In August of 2001, when I was writing pieces for the newly launched National Review Online Financial section, I naturally did an article on the state of the dot.com industry, which was then just recovering from a series of spectacular dot.busts. The consensus of the folks that I interviewed for the article was the obvious exception to the Silicon Valley wreckage was eBay, which looked like it had a strong future ahead of it.


Well, as the late George Allen was fond of saying when he coached the Washington Redskins, the future is now. So let’s flash-forward four years to today: James Glassman writes that not only is eBay doing well itself, it’s also become a haven for budding entrepreneurs:

A remarkable new survey by ACNielsen International Research finds that 724,000 Americans use eBay, the online auctioneer and general marketplace, for their primary or secondary income. That figure is up from 430,000 in a similar 2004 survey. In other words, about 300,000 people have started businesses on eBay in the past year. So eBay can properly be viewed as America’s No. 1 generator of, not just businesses, but jobs.

As David Faber of CNBC said recently, “If eBay employed the . . . people who earn an income selling on its site, it would be the nation’s No. 2 private employer, behind Wal-Mart.”

But the point is that eBay doesn’t employ them. They employ themselves. Their own cash and reputations are on the line. They innovate, they compete, they work hard. What eBay and other online sites provide is the platform: a storefront that’s electronic, not brick and mortar; a market of 157 million registered users worldwide; plus help in expediting payments, shipping packages and detecting fraud.

Marketplace sites — and eBay, with $83,000 worth of goods traded every minute, is the largest — offer a simple way, not just to sell the occasional used tie or baseball trading card, but to start and maintain a small business, allowing the entrepreneurs themselves to concentrate on the important stuff: merchandizing and marketing.

Consider Sarah Davis of San Antonio, who graduated from the University of Maryland Law School and passed the Texas bar exam but then began having children (three now) and wanted to be with them. “I started selling on eBay about six years ago with one Louis Vuitton purse and a dream,” she says.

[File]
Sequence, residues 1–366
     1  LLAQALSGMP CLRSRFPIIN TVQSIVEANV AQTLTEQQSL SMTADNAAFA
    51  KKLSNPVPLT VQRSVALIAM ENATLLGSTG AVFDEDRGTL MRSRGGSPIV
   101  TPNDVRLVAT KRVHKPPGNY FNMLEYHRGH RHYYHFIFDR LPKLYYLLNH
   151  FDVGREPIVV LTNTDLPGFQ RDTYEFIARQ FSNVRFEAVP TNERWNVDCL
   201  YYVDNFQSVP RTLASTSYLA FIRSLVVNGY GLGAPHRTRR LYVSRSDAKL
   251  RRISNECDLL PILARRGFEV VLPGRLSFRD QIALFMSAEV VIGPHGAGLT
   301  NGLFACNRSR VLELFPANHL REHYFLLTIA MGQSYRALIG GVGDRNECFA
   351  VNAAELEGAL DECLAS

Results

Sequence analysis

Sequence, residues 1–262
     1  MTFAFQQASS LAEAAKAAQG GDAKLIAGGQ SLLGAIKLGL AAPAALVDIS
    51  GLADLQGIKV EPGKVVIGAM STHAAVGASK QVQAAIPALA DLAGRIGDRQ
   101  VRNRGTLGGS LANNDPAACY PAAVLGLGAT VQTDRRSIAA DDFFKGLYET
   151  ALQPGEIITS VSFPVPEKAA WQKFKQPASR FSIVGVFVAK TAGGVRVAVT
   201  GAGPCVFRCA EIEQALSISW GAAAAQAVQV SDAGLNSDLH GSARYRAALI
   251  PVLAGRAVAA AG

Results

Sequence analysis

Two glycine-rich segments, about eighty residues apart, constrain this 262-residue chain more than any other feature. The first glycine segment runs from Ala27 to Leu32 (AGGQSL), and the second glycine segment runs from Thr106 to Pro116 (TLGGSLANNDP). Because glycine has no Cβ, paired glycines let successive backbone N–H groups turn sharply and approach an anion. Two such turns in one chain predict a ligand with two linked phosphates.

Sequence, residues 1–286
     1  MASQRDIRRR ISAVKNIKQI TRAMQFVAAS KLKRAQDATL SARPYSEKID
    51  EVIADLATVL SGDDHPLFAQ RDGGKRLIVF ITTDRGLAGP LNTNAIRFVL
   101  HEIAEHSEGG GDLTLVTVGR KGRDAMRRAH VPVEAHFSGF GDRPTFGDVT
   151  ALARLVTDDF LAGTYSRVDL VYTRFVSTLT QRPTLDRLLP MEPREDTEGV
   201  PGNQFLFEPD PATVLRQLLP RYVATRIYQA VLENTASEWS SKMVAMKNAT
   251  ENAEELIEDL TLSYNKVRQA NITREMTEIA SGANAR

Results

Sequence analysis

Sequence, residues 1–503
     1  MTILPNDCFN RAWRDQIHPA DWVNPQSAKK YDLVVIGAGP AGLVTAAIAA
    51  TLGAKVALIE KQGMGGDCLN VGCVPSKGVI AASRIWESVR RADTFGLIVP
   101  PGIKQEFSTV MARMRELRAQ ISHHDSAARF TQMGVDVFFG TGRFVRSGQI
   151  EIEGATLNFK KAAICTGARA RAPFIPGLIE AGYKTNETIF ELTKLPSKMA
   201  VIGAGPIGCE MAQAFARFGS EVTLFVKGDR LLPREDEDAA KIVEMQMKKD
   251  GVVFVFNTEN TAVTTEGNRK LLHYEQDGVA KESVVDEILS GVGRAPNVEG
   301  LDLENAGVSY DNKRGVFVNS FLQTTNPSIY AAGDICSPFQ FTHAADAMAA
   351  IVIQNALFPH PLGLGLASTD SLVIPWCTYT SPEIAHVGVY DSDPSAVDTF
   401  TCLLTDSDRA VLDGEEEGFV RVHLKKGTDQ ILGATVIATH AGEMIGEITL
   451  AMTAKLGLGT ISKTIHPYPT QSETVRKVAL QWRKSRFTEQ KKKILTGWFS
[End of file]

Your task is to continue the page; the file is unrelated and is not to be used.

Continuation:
Her business of selling high-end purses became so successful that she moved into office space and hired three employees.

Davis is a typical American entrepreneur. An extensive government study, released by the Census Bureau in July and covering 2002 data, found that small businesses owned by women rose 20 percent over five years while the number of all U.S. businesses rose by 10 percent. Black-owned businesses were up by 45 percent, Hispanic-owned by 31 percent.

Small businesses produce a little more than half of all U.S. employment and sales of goods and services. More important, these businesses now account for virtually all the net new jobs created by the economy and, says the White House, “are most likely to generate jobs for young workers, older workers and women.” In addition, the Disabled Businessman’s Association estimates that 40 percent of home-based businesses are operated by people with disabilities.

These trends can only intensify with the growth of the online marketplace and the spread of Internet connections throughout the world. The Federal Reserve reports that the majority of small businesses are based in the home. All you need is a desk, a computer, a connection to the greater wired world and a place to store your inventory.

Online entrepreneurship is so attractive that 14 percent of eBay sellers are people who retired early or quit their jobs to sell full-time on eBay, and another 12 percent are considering doing so.


eBay is also fueling a trend that Glenn Reynolds recently wrote about: new ruralism, rural gentrification, and homesourcing.


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